Genre

Historical Fiction / Romance / Young Adult

Audience

Young Adult

Author’s Worldview

Catholic

Year Published

2015

Themes

Natural disasters, Sicily, hospital, doctors, family, prayer, Medicine, Women in Medicine

 

Reviewed by

Tiffany Buck

In 1909, women are not expected to be physicians. But that is precisely what Lucy James is: Dr. Lucy James. Growing up, Lucy never cared about dresses and parties like most girls. Instead, she wanted to help people the way her father, Dr. Henry James, did. So, she studied hard and became a skilled surgeon. In this Historical Romance, Lucy and her father are in Rome just before the great earthquake of 1908 in Messina, Sicily. Desperately wanting to help, Lucy volunteers at a makeshift hospital. There’s only one problem: the town physician, Giovanni Castello, doesn’t want her there.  

“Welcome to hell, Miss James,” is the greeting Lucy receives from Dr. Giovanni Castello. From the looks of it, he is right. In a single night, nearly half the population of Messina has been killed. The tent hospital barely has supplies. A broken limb means amputation. Weeks of rain and aftershocks mean a continuous stream of patients. Lucy and Giovanni do all they can to aid the injured, the hungry, and the homeless of Messina. 

Gruesome and heart-breaking? Yes. Liz Galvano does a great job describing the gruesome aftermath of the Messina earthquake. The accomplishments of the doctors in this tough situation are nothing short of heroic. With each small accomplishment or failing¾depending on the day¾Lucy and Giovanni grow closer and closer. An ardent friendship built on respect and admiration turns into a beautiful romance with God at the center. 

Fortunately for the reader, the romance between Lucy and Giovanni is not confined to the tent hospital and the horrors of Messina. Galvano takes the two doctors to Giovanni’s ancestral home, Casa Bella. It is at Casa Bella that their romance really begins to blossom, with hope for a future. But just when the couple seem to have found their happily ever after, family drama and tragedy strike.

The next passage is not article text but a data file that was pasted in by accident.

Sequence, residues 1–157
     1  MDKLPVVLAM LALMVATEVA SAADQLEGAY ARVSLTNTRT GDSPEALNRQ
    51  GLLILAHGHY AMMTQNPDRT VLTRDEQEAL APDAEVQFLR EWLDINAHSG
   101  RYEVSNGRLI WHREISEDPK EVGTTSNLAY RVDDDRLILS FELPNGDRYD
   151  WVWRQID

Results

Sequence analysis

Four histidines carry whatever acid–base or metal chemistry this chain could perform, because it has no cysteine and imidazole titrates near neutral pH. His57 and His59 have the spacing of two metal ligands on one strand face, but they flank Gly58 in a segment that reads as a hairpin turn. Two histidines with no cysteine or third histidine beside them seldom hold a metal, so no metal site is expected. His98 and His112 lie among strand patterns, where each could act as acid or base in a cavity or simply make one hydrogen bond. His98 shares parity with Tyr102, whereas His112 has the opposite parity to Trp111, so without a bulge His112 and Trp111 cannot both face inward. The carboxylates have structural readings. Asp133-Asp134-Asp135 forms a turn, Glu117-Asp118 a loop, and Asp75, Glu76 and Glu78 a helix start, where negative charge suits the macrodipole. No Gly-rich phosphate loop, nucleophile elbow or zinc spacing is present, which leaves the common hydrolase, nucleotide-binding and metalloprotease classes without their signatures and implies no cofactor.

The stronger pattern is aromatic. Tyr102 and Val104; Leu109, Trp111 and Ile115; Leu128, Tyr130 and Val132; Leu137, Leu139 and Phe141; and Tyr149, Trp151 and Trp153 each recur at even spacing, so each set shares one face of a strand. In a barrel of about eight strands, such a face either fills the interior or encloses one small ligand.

Messina was an enjoyable read. I must admit, I did not know that much about the 1908 earthquake before reading this book. Galvano creates two well-rounded characters in Lucy and Giovanni. Lucy is a great role model for young women. She follows her heart and her dreams to become a surgeon. With her skills, she risks her life¾as well as being gossiped about¾to help others, all the while following God. Giovanni has been an atheist for years¾ much to the disappointment of his devout Catholic family. Lucy’s gentleness and devotion awaken something in Giovanni. He no longer wants to be the angry atheist he once was, but the Catholic gentleman he was raised to be.   

I recommend Messina to both Catholics and Protestants alike. Lucy is a devout Protestant, while Giovanni is a Catholic (a fact that deeply disturbs Lucy’s proud father, Dr. Henry James, but not the lovely couple). Their focus is on God and serving those in need: a message that is much needed today. 

How Sweet the Sound by Courtney Guest Kim